Headline salience, managerial opportunism, and over-and underreactions to earnings
- Author(s): Huang, X;
- Nekrasov, A;
- Teoh, SH
- et al.
Published Web Locationhttps://doi.org/10.2308/accr-52010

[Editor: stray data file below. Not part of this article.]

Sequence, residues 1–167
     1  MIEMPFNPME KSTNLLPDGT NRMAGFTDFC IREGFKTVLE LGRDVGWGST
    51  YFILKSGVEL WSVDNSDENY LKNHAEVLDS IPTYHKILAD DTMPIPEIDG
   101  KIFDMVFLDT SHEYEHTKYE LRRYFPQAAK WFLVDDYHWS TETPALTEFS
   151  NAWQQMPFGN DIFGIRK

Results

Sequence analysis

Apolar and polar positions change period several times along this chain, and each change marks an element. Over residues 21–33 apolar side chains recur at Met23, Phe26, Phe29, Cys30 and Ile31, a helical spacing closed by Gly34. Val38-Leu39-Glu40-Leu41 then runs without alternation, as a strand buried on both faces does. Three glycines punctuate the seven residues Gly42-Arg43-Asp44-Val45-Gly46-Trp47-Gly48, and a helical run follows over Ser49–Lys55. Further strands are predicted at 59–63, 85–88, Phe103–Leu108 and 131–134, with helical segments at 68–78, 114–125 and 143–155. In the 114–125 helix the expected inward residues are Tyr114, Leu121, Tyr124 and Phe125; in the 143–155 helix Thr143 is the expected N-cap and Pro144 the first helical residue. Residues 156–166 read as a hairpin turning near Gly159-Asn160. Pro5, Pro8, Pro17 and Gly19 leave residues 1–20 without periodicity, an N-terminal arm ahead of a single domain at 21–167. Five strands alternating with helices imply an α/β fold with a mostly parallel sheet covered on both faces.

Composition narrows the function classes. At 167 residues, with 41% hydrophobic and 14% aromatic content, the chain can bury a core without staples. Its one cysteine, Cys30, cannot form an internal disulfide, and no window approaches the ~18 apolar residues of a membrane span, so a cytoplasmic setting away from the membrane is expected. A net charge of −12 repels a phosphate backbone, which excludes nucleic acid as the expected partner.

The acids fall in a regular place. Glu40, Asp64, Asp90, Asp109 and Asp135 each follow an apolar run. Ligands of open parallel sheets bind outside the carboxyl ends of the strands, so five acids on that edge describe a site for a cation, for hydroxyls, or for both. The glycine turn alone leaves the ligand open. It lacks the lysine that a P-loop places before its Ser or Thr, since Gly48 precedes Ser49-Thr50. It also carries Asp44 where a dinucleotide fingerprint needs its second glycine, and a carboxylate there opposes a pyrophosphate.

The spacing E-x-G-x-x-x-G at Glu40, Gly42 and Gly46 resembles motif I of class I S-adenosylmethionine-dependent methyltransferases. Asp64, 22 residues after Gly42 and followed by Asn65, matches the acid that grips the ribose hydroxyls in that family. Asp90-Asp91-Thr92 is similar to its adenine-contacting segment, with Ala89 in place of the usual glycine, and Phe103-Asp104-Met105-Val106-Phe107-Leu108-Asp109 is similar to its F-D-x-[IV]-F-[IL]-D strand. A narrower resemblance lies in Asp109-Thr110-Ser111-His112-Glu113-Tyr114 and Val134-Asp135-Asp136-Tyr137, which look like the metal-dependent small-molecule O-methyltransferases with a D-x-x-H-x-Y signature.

Limited attention theory predicts that higher salience of earnings news implies a stronger immediate market reaction to earnings news and a weaker post-earnings announcement drift (PEAD) or reversal (PEAR). Using a new measure, SALIENCE, defined as the number of quantitative items in an earnings press release headline, we find strong evidence consistent with salience effects. Higher SALIENCE is associated with stronger announcement reaction and subsequent PEAR. Managers are more likely to choose higher SALIENCE before selling shares in the post-announcement period and when earnings are high, but less persistent, and to choose lower SALIENCE before stock option grants. The results are robust to using residual salience and an extended set of control variables. The findings are consistent with managers opportunistically headlining positive financial information in the earnings press release to incite over-optimism in investors with limited attention.